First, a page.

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The preparation of plans and budgets for 2023 is well underway. Perhaps some personal resolutions have been made. But…are your plans and resolutions based on real business or personal needs?

Have you asked yourself and your management team honestly about what challenges you faced last year and what you want to accomplish in the new year? If not, it may be that your plans and resolutions may also be based on the wrong foundation, dare I say “lie,” that does not reflect real needs. Lies are often a temporary solution to a problem and your plans might not come to fruition as a result.

Let’s look at 11 management lies that could ruin your plans. Do you recognize yourself in any of these truths? Try to be honest with yourself.

  1. I’m in control. Control is an illusion. As a manager, you must let go of the illusion of control and let yourself lead. Focus only on the things you can control. Leave the rest to your team, delegate and trust them.
  2. I can do it myself. No one does anything alone. No matter what successes you’ve achieved, you couldn’t have done it alone. It takes a great team, an amazing group of talented people to achieve success. Ask yourself who contributed to your success.
  3. I don’t have time. Time is precious – for everyone, and perhaps especially for managers – but there’s always time for what’s important. Telling yourself you can’t accomplish a priority because of time is just an excuse.
  4. If I ignore it, it will go away. It’s sad but true: there are times when we all still succumb to this old lie. Most of the time, what we ignore gets bigger and more cumbersome. Whatever is happening, deal with it. You cannot change what you refuse to face.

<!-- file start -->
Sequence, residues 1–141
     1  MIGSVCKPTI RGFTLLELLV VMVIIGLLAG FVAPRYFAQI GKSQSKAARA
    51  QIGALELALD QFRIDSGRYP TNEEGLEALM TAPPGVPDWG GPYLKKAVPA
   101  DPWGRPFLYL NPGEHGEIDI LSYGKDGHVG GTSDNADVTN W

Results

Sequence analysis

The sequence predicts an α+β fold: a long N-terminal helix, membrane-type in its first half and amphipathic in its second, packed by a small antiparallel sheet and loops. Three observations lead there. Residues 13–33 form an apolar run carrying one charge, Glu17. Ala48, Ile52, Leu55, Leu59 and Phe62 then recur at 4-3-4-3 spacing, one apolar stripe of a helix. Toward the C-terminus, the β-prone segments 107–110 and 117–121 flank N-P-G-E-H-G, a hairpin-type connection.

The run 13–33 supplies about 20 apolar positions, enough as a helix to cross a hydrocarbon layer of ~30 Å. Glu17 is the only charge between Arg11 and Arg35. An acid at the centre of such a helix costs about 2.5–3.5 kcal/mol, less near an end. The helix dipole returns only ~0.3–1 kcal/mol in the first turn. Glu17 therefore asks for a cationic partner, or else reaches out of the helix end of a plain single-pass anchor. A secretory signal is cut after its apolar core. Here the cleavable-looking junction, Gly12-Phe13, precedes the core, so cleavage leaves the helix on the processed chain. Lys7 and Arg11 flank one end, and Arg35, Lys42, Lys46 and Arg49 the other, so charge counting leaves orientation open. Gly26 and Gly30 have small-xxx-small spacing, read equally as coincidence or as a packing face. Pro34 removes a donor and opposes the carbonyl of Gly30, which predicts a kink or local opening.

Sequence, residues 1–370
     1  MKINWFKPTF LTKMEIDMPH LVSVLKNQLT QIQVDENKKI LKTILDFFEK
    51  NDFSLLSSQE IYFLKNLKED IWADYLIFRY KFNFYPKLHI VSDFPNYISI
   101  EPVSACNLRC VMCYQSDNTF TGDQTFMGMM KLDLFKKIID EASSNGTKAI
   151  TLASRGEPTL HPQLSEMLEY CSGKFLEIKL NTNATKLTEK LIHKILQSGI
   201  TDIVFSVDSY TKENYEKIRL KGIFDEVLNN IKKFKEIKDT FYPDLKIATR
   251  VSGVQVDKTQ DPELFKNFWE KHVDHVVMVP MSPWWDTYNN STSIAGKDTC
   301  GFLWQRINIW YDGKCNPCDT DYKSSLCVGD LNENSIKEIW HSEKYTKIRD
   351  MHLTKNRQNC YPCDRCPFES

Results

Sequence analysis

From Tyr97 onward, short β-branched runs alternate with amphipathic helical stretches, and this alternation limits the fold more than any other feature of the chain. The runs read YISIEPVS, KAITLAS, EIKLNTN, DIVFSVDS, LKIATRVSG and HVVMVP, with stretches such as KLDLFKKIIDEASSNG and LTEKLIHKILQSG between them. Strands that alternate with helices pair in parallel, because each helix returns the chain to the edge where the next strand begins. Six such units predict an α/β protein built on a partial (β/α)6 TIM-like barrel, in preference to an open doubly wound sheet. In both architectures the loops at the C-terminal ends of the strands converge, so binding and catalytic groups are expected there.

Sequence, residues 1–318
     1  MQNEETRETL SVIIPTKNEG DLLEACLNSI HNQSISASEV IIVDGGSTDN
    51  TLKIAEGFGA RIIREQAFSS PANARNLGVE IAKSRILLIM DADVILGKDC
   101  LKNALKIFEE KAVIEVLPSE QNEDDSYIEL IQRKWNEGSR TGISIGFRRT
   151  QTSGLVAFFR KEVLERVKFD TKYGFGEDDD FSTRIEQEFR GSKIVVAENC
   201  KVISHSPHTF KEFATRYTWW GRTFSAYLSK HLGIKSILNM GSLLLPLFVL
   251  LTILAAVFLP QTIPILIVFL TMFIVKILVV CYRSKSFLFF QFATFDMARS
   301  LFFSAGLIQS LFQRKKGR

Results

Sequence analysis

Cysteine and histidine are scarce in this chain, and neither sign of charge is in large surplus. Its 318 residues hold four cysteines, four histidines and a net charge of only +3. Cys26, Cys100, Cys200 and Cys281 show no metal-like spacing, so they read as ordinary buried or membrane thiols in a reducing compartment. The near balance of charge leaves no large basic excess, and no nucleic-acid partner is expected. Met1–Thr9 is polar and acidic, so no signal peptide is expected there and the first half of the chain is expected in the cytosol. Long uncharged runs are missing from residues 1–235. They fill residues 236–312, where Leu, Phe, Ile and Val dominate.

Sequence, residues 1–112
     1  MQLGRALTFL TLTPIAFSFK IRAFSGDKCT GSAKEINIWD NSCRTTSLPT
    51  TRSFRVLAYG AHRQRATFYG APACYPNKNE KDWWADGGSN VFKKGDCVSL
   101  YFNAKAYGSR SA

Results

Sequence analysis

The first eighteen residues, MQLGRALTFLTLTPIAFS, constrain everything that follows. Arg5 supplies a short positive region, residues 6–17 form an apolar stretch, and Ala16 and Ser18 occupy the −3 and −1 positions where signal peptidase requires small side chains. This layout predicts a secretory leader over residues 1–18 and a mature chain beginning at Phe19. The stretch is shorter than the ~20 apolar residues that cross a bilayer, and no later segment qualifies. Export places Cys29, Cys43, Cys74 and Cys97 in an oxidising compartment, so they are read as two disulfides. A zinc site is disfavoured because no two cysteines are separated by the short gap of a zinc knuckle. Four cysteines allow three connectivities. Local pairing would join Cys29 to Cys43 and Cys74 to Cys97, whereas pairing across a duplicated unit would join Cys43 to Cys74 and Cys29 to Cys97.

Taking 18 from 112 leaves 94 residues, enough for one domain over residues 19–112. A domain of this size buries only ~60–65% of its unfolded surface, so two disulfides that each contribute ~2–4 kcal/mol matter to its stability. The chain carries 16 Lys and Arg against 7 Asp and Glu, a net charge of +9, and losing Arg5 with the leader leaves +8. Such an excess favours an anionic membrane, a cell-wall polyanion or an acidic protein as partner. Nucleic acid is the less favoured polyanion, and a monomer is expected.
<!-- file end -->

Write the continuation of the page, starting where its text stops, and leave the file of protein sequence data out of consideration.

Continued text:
5. I always know best. You do? Leadership is about inclusion and learning, not being right. Not all leaders know what’s best or have all the answers, and the best ones focus on constantly learning and growing. If you think you know, look around and see where you can ask more questions.
  6. I can listen actively. There is a big difference between really listening and waiting patiently for your turn. One of the sincerest forms of respect is to really listen to what the other person has to say. And for managers, the art of conversation lies in listening.
  7. My ego doesn’t get in the way. Nothing destroys leadership faster than ego. The next time you feel yours getting out of control – which can happen to all of us at one time or another – remember that nobility lies not in being superior to someone else, but in having grown beyond the person you once were.
  8. Everyone does it. It is the duty of a manager to know the difference between right and wrong, regardless of what anyone else says or does. You can never be right by doing wrong, and you can never be wrong by doing right.
  9. People don’t need praise. We might like to think that people function independently of our actions. But when people don’t get enough credit or feel like no one cares about them, much of their motivation fades. What you praise increases; what you ignore becomes invisible and ineffective.
  10. Emotions are weaknesses. Some managers want to stay away from emotions in order to appear strong. But to share your weakness is to make yourself vulnerable, and to make yourself vulnerable is to show your strength. The best leaders touch hearts, and this truth always works.
  11. I’m not here to make friends. Old-school leadership will tell you that managers can’t make friends because it can lead to favouritism. But like friendship, true leadership involves selflessness and concern for the welfare of others, acting for their benefit, not for personal gain.

There will always be lies we tell ourselves, but self-awareness requires us to look beyond them and discover the truth about ourselves and the people around us.

We wish you a year filled with wishes and fulfilled plans, but most of all, health, and contentment.

Source: Leadership Gap, Lolly Daskal
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